After, refusing to recognise the voice of the Moldovan citizens, Moldova’s ruling Democratic Party delayed the next parliamentary elections, scheduled for autumn 2018, to early 2019. Moldova lawmakers, voted to re-schedule the next parliamentary elections to 24 February 24 2019, in the last day before the summer recess. Initially, the election should have taken place by the end of November.
    The most controversial law that voted was the fiscal reform package, particularly the Fiscal Amnesty Law. This allows people who obtained illegal money and goods to legalise them by paying a 3% tax to the state. 


It is tough to predict how events will develop in the coming months conclusively. It now seems that one of the more likely scenarios Plahotniuc is considering is an attempt to get the best possible result for the PDM while simultaneously taking action, including administrative moves, to limit the number of votes for the PSRM. The strongest opposition party now is the Action and Solidarity Party (PAS) of Maia Sandu, which is currently supported by around 25% of the electorate. In this situation, the oligarch will try, as he has done in the past, to gradually marginalise his coalition partners and, through bribery and threats, bring deputies from other parties over to the PDM.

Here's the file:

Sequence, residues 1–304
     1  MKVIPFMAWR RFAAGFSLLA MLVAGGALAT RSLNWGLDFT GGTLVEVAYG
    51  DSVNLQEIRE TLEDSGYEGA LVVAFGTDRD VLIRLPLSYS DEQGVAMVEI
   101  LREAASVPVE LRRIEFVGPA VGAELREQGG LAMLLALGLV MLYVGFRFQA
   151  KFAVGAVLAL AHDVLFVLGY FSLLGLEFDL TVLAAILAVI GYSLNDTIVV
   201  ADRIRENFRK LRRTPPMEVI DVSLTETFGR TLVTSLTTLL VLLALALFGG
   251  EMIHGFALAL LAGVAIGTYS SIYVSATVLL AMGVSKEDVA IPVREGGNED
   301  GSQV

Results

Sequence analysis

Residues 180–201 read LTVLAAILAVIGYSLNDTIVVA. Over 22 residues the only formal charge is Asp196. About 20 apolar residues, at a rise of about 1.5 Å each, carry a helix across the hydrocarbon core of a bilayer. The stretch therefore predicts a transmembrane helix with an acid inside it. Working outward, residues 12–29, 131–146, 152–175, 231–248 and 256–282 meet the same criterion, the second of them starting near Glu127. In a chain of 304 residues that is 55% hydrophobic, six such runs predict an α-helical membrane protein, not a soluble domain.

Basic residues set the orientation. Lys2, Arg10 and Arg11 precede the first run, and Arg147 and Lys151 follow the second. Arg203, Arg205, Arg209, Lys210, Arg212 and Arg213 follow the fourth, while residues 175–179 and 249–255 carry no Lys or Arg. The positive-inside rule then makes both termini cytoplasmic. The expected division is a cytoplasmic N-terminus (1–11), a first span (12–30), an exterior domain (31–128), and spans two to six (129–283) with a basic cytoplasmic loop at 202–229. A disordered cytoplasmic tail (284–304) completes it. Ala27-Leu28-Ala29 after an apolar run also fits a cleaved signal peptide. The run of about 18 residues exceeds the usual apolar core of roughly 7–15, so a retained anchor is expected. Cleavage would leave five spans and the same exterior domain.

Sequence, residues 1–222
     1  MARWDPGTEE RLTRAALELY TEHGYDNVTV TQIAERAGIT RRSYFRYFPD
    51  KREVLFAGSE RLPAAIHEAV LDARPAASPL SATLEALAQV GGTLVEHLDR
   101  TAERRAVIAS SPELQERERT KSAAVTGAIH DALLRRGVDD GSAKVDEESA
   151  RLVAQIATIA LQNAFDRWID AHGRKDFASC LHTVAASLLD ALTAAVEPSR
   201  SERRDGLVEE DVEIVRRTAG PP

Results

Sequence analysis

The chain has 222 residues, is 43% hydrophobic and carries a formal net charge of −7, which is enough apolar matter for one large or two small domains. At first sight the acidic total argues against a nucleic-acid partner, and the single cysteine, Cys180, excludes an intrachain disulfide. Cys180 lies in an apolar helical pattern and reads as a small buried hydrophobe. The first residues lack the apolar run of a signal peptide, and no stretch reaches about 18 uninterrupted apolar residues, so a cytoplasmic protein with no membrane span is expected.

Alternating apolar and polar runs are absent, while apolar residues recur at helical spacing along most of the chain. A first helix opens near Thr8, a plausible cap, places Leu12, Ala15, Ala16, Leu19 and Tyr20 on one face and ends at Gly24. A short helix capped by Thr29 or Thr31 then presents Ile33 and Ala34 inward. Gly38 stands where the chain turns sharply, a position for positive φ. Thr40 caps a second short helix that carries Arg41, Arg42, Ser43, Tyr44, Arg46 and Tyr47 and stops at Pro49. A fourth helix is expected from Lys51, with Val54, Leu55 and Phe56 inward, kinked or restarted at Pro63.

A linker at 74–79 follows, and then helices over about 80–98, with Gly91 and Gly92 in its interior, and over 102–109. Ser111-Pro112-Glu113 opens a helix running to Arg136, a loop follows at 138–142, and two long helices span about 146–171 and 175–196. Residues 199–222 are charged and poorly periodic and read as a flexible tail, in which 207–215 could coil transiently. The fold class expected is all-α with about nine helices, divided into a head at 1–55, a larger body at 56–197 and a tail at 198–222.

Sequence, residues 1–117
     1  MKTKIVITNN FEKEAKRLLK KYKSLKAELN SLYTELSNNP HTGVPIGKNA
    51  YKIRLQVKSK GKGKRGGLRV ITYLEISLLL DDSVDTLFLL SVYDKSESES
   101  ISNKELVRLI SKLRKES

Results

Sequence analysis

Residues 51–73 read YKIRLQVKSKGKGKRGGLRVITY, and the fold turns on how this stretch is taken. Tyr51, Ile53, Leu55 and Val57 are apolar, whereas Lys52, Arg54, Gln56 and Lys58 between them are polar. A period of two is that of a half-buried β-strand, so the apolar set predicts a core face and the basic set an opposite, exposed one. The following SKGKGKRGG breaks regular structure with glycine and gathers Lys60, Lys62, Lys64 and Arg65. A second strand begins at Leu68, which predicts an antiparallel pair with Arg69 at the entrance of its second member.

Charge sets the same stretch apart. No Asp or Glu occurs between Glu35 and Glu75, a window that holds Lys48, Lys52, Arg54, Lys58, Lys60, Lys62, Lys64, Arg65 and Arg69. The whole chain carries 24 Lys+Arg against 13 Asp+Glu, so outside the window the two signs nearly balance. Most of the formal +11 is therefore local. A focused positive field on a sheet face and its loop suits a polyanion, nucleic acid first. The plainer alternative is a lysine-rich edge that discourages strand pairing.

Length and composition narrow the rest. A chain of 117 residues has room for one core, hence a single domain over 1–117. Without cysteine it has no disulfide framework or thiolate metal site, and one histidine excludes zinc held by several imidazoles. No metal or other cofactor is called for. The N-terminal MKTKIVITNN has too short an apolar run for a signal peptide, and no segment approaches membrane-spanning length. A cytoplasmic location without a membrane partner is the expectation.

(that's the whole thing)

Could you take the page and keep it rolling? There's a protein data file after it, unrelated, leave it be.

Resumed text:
For sure, the coming months will be decisive for the shape of Moldovan politics and Plahotniuc himself. The future of the oligarchy and the system it has constructed is currently uncertain and depends equally on the results of the general elections, and the degree of the oligarch’s influence on President Dodon, which is difficult to assess unambiguously. One thing is obvious, if Plahotniuc’s party will succeed to take power for the next four years, Moldova’s democracy will continue on the negative trajectory of the previous years, and the government will be unable to solve the real problems faced by society such as poverty, corruption, migration, unemployment, or the “billion-dollar theft.” 

20 September 2018
This text was published in Bullseye issue 73